Hi,

I was doing an exercise lately calculating an eyepiece AFOV directly from its geometry. It seems that this angle can be calculated as AFOV = 2 arctan(d / 2f), where d is the field stop diameter and f is the eyepiece focal length. Please refer to the attached picture.

Now, taking specs for, e.g., a 32 mm 1.25" Plossl from Televue website, d = 27 mm and f = 32 mm, we get AFOV = 45.7 degrees, good 8.6 % less than the claimed 50 degrees. Similarly, for their 40 mm Plossl, (d = 27 mm and f = 40 mm), the formula gives AFOV = 37.3 degrees, rather than the claimed 43 degrees.

What did I get wrong?

Well, I'm afraid that the thing that may have been wrong is attempting to calculate an accurate value for the apparent field of view of an eyepiece. The formulae used are often just approximations (particularly the old AFOV = Mag*TFOV which is often 10% or more off) or just plain wildly off of reality, so to expect them to be accurate may be a little unrealistic. *The Apparent Field of View of an eyepiece is a measurable quantity* only, and despite efforts to calculate it, it is what it is. Here is how you can measure it:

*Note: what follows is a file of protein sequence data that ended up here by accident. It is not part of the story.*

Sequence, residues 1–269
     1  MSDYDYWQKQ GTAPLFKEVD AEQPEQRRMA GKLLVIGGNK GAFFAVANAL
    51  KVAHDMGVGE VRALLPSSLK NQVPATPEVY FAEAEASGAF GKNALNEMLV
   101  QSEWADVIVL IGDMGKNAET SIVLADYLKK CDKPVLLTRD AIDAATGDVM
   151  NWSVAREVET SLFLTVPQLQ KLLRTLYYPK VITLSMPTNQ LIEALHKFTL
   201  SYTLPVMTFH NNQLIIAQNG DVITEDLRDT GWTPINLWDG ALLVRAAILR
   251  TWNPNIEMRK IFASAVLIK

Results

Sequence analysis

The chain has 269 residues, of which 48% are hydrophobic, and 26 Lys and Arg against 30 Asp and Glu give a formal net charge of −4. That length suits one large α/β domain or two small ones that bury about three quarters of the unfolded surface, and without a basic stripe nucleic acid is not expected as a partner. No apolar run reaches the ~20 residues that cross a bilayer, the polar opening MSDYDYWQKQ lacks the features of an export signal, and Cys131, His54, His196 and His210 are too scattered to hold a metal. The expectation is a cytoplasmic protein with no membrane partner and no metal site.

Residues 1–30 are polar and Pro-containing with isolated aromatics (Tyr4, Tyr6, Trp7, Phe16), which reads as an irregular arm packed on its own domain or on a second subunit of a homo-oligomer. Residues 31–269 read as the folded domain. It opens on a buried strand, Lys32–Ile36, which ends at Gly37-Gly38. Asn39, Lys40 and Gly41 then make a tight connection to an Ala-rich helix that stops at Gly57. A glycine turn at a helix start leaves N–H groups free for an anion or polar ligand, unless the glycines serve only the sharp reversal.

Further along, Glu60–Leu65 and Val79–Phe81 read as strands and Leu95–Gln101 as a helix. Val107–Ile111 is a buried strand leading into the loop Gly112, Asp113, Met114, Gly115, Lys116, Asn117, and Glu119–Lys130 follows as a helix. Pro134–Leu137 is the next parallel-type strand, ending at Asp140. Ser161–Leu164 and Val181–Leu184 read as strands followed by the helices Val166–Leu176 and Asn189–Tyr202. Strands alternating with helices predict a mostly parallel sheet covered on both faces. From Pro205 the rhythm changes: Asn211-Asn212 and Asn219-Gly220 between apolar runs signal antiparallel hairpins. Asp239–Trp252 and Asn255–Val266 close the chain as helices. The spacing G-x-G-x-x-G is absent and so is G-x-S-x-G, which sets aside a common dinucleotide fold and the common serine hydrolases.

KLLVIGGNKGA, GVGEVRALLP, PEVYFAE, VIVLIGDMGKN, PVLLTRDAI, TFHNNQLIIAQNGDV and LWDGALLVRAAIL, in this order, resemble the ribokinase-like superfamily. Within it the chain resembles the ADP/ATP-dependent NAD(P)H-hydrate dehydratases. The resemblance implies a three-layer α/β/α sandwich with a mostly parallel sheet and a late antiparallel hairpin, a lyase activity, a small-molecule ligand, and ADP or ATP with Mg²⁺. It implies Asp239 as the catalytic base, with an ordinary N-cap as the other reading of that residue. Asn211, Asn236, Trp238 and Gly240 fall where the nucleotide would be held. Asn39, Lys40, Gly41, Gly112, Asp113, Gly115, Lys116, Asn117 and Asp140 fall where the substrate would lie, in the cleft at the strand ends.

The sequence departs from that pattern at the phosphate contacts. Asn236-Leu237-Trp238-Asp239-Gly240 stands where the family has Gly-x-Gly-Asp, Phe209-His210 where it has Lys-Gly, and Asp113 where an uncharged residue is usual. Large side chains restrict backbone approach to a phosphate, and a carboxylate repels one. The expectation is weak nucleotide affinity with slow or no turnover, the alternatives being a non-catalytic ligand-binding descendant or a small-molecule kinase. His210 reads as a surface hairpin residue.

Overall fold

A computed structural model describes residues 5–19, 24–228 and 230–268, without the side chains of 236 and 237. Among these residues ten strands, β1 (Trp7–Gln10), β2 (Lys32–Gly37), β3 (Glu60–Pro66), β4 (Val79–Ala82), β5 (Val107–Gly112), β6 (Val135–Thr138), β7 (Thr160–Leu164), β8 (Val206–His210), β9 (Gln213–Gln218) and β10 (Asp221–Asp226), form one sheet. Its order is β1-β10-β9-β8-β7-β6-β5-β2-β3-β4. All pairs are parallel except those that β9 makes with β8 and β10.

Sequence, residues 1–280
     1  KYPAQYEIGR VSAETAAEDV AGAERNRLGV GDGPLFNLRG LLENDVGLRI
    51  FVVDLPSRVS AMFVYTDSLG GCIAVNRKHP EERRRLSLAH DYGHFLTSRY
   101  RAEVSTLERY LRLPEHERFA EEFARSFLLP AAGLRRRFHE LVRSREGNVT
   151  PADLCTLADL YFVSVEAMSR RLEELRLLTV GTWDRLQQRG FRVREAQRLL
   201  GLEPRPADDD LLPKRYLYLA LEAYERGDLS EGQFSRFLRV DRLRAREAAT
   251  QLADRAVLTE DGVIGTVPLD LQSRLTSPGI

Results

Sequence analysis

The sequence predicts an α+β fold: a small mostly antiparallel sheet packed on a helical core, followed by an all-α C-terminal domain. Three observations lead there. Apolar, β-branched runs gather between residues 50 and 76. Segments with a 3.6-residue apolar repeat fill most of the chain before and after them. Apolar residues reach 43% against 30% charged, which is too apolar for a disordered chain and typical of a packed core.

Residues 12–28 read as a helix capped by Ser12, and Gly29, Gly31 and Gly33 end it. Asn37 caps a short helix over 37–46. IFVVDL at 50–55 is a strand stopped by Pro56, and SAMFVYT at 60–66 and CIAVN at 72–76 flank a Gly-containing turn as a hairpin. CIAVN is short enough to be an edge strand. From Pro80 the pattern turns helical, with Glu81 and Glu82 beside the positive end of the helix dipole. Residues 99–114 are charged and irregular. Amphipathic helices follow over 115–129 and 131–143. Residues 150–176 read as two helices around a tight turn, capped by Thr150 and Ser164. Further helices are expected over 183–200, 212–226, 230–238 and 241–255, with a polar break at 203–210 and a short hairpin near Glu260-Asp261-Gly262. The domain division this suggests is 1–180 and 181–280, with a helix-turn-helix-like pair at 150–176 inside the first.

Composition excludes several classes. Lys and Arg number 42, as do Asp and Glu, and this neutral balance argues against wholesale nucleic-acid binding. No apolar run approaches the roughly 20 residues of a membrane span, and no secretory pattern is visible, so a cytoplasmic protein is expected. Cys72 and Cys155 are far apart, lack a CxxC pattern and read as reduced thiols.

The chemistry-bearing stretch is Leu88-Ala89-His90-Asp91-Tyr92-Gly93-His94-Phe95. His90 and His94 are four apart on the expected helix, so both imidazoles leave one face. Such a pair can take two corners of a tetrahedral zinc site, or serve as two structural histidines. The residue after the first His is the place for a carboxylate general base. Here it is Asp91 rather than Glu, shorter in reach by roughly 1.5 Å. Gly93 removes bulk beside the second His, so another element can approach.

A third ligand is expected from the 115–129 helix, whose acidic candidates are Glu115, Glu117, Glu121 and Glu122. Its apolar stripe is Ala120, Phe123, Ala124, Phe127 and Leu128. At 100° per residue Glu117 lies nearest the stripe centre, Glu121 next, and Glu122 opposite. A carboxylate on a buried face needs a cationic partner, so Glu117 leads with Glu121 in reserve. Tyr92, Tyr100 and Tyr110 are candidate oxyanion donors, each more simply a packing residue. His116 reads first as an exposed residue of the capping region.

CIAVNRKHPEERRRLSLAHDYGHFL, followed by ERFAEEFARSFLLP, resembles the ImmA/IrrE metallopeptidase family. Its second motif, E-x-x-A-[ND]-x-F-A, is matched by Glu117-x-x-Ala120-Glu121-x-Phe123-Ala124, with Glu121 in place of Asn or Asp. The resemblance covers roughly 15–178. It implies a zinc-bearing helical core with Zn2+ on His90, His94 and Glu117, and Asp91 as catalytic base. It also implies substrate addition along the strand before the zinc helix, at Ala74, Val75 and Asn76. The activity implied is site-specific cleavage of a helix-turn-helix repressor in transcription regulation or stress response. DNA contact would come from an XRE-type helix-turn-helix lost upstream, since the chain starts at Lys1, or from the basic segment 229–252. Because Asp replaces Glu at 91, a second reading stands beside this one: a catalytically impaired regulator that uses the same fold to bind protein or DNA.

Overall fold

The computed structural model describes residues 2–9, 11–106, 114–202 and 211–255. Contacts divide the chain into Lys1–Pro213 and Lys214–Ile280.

..........**MEASURING THE APPROXIMATE**............

....**APPARENT FIELD OF VIEW OF AN EYEPIECE**....

"**Both-eyes Open" Technique**:

MATERIALS: 1. A Meterstick, Yardstick, or other linear device whose length is accurately known, which can be hung vertically on a wall, and whose exact middle or center is accurately marked. This could also be a narrow strip of paper of known length with its exact middle and ends marked clearly. This object will be known as the observing "target".

2. A method of holding and properly supporting an eyepiece rigidly in a horzontal position (like a bracket attached to a camera tripod), but which can be manually moved towards or away from a measuring target.

3. A tape measure.

STEP #1: Mount the vertical "target" (ie: the Yardstick or its substitute) on the wall so that its exact middle is will be about same height above the floor as the center of the eyepiece. For a meter stick, the midpoint will be the 50cm mark, and for a yardstick, it will be the 18 inch mark. Mark this midpoint with a visible marking like a small piece of tape or a black felt tip marker, so the middle can be easily seen from a distance.

STEP #2: Mount the eyepiece at a height above the floor which is exactly the same as the mid-point of the target, so that the observer can look into the eye lens with the eyepiece optic axis or barrel horizontal and parallel to the floor. Make certain the eyepiece is as horizontal as possible, and that it can be easily moved towards or away from a nearby wall from as little as two feet from the wall to as much as six feet away.

STEP #3: place the eyepiece straight out from the wall from where the observing "target" is located. Look into the eyepiece with *both* eyes open and merge the images of the eyepiece field of view and the target. Make the center of the superimposed eyepiece field centered on the mid-point mark of the observing target as closely as possible, and keep your head level with the floor (ie: keep your eyes at the same height above the floor).